Thursday, May 9, 2013


     Next week we will be celebrating Children's Book Week...May 13 through 17...just as many libraries across the nation will be doing.
     And we need to remind you that Clifford the Big Red dog will be here for a "Meet and Greet" on Tuesday, May 14th, at 4 p.m.  In fact, there are children's events lined up for the whole month of May.
     If you do not know what Children's Book Week is, let me share this information with you.
     Children's Book Week is the annual celebration of books for young people and the joy of reading.  Established in 1919, Children's Book Week is the longest-running national literacy initiative in the country.  Every year commemorative events are held nationwide at schools, libraries, bookstores, and home - wherever young readers and books connect!
     Children's Book Week is administered by Every Child A Reader, a 501(c)(3) literacy organization dedicated to instilling a lifelong love of reading in children.  The Children's Book Council, the national non-profit trade association for children's book publishers, is an anchor sponsor.
     While watching the news at 6 p.m. the other day, I heard one of the news anchors talk about Children's Book Week.  He asked his co-anchors to name their favorite children's book, and one anchor said hers was Shel Silverstein's "The Giving Tree."
     I have to admit that is my favorite book also.  In fact, I've not only given it as gifts, I have received it as a gift twice.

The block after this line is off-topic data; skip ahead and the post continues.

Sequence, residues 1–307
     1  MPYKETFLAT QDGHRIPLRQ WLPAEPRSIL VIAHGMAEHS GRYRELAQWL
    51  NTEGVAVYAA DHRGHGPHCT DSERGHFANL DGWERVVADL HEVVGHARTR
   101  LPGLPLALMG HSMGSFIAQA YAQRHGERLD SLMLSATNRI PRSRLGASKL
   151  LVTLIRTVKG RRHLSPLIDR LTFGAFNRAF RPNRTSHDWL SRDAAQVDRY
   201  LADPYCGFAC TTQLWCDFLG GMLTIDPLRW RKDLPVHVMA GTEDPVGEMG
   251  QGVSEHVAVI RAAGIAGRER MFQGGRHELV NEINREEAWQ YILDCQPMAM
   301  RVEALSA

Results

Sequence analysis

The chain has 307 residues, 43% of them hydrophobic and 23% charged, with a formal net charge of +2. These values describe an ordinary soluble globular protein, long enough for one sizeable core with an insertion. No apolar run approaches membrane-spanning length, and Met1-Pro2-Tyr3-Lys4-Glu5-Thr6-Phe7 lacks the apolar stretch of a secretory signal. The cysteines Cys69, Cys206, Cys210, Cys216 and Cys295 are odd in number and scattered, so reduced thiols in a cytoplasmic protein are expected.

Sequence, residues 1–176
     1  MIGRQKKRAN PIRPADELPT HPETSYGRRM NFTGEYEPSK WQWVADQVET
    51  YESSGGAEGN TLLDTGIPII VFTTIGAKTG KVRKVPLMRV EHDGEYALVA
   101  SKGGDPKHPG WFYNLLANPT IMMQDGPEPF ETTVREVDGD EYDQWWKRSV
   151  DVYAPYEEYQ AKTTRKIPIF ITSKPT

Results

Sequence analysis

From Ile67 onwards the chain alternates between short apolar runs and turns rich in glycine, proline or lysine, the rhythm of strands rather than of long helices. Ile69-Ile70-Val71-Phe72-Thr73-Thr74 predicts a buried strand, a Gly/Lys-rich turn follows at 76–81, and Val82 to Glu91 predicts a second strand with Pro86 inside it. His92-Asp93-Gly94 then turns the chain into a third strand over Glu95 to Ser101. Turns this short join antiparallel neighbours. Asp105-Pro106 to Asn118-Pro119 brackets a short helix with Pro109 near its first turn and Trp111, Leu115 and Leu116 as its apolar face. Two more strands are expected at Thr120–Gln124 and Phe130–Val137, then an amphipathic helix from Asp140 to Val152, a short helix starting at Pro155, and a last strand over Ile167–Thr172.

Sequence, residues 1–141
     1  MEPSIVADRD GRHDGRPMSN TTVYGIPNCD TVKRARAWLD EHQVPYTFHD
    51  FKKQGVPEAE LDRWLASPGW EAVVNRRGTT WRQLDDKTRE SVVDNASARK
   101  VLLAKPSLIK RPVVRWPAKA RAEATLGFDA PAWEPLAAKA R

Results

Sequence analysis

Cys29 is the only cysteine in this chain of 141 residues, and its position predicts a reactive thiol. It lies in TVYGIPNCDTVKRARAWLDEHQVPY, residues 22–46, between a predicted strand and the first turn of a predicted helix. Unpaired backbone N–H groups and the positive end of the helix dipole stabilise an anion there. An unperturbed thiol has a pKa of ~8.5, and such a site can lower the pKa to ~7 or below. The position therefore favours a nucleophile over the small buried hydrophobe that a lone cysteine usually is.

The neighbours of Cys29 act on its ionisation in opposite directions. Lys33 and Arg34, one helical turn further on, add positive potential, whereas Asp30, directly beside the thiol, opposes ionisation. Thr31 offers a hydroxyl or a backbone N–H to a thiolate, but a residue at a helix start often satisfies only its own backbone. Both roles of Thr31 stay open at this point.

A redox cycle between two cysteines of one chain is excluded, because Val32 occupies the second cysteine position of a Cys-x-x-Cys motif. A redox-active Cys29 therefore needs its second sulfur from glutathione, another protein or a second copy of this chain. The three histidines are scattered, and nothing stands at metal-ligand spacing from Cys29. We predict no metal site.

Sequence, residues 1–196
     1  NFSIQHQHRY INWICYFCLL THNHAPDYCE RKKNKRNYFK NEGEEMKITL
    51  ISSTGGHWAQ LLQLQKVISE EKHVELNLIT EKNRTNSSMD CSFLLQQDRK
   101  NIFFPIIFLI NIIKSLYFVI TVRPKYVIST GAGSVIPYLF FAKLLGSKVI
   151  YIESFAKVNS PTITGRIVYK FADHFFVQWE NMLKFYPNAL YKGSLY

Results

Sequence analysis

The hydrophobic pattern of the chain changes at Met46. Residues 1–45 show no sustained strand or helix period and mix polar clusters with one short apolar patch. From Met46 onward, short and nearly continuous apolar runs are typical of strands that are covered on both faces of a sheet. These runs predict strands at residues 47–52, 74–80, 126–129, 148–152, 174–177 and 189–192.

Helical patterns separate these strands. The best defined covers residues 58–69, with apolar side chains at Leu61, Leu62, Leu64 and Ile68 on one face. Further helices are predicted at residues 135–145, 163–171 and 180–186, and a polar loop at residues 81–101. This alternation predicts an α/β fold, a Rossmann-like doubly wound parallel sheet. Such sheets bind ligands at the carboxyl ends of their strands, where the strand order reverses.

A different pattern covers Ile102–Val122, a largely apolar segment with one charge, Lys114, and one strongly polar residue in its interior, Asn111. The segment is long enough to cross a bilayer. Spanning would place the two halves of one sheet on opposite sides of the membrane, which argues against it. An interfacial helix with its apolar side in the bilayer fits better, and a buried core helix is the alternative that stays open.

The book details the events occurring throughout the life of a young boy, and the friendship that he shares with a tree—with which he is apparently able to communicate.
     In his childhood, he enjoys climbing her branches and enjoying imaginative play with her; however, as he gradually passes into maturity his requests from the tree change.
     After entering adolescence, he requests to pick her apples with which to make profit, and after reaching adulthood he cuts off the tree's limbs to construct a house.
     Years later, he returns to the lonesome Giving Tree as an old man to cut her down and use her wood to craft a boat with which to sail away, reducing her to nothing more than a stump.
     However, eventually he returns to his friend, asking for a resting place, and peacefully drifts off to sleep on the tree stump, the only thing the tree has left to give.
     If you have a favorite children's book, let us know.  And if you're near a library this coming week, take time to stop by.  In fact, if you have a youngster, bring that child to the library.  You just might find lots of events going on to enjoy.  Better yet, you'll find lots of books that not only the child will enjoy, but you will too.
     And if you're in Moultrie, Georgia, be sure to check us out!!!
(Sources: Children's Book Week at and "The Giving Tree" at

1 comment:

Kris... farm snippet writer said...

That is definitely one of my favorite books too! I have a copy that I've had for a super long time and refuse to get rid of it. It has travelled all over the world with me! I love children's books, especially the ones with very important life messages.